I’m pleased to announce that our paper on Chaos was accepted at SOSP, the top systems conference which is held in Monterey, CA this year. Chaos is the new graph processing system we’ve been building at LABOS for the past couple of years.

The other bit of news is that I got stuck with the presentation (thanks Amitabha!). After a couple years pitching mostly to business folks, I get to do it in front of the technical audience. Hopefully the whole thing won’t turn into a complete fiasco, especially with it being recorded and published on YouTube… 😉


Chaos scales graph processing from secondary storage to multiple machines in a cluster. Earlier systems that process graphs from secondary storage are restricted to a single machine, and therefore limited by the bandwidth and capacity of the storage system on a single machine. Chaos is limited only by the aggregate bandwidth and capacity of all storage devices in the entire cluster.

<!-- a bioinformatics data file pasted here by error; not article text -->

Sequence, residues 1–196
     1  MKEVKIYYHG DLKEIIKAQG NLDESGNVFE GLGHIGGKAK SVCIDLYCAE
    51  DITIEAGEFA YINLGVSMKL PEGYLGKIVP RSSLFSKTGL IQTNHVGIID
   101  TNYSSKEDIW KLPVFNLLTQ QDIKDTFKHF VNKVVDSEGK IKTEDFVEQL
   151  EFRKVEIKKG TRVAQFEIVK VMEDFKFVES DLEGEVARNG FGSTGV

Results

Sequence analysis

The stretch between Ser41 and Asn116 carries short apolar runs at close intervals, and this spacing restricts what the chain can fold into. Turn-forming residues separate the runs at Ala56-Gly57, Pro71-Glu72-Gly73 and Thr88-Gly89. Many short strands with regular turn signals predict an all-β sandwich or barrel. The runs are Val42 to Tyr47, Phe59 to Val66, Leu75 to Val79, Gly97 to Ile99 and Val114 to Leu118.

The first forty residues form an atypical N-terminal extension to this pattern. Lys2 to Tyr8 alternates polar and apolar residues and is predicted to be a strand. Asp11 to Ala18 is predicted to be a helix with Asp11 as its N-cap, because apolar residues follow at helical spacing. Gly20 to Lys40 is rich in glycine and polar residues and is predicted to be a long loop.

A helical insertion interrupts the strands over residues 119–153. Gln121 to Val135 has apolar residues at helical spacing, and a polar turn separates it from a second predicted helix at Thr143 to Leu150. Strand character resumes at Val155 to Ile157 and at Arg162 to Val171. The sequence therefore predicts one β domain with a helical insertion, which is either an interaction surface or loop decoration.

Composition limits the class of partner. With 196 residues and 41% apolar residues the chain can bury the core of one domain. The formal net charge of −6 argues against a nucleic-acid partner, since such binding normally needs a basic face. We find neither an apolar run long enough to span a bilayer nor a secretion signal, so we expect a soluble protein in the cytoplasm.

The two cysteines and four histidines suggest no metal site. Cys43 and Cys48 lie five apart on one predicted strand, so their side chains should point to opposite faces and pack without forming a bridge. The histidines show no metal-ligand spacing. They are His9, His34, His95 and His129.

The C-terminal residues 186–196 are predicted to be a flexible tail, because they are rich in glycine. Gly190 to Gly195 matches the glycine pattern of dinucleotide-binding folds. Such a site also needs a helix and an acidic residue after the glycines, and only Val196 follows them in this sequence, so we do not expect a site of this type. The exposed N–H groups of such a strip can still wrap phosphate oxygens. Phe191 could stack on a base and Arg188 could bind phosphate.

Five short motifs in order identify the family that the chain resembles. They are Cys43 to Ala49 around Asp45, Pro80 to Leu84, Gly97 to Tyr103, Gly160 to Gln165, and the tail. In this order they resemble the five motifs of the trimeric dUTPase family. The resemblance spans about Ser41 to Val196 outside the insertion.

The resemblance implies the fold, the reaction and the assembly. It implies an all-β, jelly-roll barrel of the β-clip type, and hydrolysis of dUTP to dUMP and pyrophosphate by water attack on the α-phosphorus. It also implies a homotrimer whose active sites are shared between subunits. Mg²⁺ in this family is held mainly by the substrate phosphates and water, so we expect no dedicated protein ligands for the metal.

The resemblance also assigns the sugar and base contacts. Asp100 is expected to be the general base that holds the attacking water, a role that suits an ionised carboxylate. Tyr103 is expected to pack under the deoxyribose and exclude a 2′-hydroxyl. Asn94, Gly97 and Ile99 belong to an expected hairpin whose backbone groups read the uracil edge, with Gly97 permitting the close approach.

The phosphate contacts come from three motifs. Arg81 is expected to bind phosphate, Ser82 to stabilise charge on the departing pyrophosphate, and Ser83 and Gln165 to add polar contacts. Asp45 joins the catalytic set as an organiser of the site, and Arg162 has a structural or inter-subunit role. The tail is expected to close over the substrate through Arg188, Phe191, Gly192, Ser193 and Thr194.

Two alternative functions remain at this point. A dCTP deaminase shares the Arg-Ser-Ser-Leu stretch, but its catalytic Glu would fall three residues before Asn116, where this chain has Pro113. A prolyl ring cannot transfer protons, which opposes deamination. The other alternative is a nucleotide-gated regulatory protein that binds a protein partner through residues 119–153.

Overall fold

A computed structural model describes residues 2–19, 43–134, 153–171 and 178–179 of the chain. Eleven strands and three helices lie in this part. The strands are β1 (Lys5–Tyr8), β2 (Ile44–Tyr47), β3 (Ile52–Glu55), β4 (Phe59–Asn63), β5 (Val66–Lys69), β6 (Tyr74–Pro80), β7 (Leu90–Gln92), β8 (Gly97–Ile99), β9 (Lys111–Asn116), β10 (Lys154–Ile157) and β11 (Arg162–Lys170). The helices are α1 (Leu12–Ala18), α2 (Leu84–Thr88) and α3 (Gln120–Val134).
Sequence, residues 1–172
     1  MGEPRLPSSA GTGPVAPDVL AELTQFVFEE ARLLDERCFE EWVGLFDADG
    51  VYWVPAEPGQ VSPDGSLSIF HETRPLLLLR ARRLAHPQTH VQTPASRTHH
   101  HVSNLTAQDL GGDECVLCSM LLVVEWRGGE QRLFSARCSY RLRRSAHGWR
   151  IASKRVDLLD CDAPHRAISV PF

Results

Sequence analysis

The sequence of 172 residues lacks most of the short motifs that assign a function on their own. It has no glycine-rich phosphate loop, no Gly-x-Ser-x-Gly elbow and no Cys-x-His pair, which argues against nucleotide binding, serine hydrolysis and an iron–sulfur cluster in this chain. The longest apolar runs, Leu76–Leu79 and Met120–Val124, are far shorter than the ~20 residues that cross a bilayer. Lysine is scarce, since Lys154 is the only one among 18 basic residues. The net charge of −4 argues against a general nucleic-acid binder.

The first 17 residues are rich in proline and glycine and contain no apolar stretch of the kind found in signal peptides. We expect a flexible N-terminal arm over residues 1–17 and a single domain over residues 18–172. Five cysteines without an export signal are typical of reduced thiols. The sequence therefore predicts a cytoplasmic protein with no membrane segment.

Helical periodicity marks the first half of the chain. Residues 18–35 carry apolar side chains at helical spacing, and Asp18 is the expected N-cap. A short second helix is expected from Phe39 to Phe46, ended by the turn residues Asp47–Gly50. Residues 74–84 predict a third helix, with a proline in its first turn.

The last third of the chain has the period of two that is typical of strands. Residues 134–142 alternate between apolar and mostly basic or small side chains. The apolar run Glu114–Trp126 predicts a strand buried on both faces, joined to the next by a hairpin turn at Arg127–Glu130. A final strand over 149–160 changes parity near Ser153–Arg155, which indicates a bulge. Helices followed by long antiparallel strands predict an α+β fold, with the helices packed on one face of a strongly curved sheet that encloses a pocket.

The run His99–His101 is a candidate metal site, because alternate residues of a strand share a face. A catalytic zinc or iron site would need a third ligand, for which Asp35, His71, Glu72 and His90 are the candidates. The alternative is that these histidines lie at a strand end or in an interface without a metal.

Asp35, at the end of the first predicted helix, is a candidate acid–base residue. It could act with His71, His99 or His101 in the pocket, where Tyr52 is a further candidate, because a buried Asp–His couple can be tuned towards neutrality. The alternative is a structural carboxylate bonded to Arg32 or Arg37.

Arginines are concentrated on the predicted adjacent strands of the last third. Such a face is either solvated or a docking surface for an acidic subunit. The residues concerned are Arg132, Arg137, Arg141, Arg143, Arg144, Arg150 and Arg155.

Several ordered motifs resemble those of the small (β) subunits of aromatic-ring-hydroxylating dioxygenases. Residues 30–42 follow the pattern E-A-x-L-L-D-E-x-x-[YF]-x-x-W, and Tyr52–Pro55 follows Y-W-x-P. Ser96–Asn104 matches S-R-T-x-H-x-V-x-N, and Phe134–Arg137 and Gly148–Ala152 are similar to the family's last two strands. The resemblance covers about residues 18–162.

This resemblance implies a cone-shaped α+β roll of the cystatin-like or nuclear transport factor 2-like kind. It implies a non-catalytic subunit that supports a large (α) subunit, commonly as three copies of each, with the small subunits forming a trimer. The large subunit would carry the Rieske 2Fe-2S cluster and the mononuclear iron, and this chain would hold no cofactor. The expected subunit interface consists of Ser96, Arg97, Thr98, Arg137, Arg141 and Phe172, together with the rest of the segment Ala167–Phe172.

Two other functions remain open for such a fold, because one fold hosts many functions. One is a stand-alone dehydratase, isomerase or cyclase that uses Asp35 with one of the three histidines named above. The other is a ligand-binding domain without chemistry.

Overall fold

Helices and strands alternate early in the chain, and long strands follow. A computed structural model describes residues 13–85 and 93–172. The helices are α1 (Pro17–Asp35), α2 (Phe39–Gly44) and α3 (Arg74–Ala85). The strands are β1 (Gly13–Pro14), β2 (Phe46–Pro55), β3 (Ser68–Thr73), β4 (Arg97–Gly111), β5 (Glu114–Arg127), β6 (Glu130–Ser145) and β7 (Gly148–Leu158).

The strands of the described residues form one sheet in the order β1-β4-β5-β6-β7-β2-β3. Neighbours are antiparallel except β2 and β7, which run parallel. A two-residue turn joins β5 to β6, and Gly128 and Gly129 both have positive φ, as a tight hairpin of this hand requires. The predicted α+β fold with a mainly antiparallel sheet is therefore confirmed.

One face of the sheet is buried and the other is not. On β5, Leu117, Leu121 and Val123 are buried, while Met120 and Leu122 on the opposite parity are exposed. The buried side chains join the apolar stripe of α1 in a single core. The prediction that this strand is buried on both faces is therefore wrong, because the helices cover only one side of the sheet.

Chaos builds on the streaming partitions introduced by X-Stream in order to achieve sequential access to storage, but parallelizes the execution of streaming partitions. Chaos is novel in three ways. First, Chaos partitions for sequential storage access, rather than for locality and load balance, resulting in much lower pre-processing times. Second, Chaos distributes graph data uniformly randomly across the cluster and does not attempt to achieve locality, based on the observation that in a small cluster network bandwidth far outstrips storage bandwidth. Third, Chaos uses work stealing to allow multiple machines to work on a single partition, thereby achieving load balance at runtime.

In terms of performance scaling, on 32 machines Chaos takes on average only 1.61 times longer to process a graph 32 times larger than on a single machine. In terms of capacity scaling, Chaos is capable of handling a graph with 1 trillion edges representing 16 TB of input data, a new milestone for graph processing capacity on a small commodity cluster.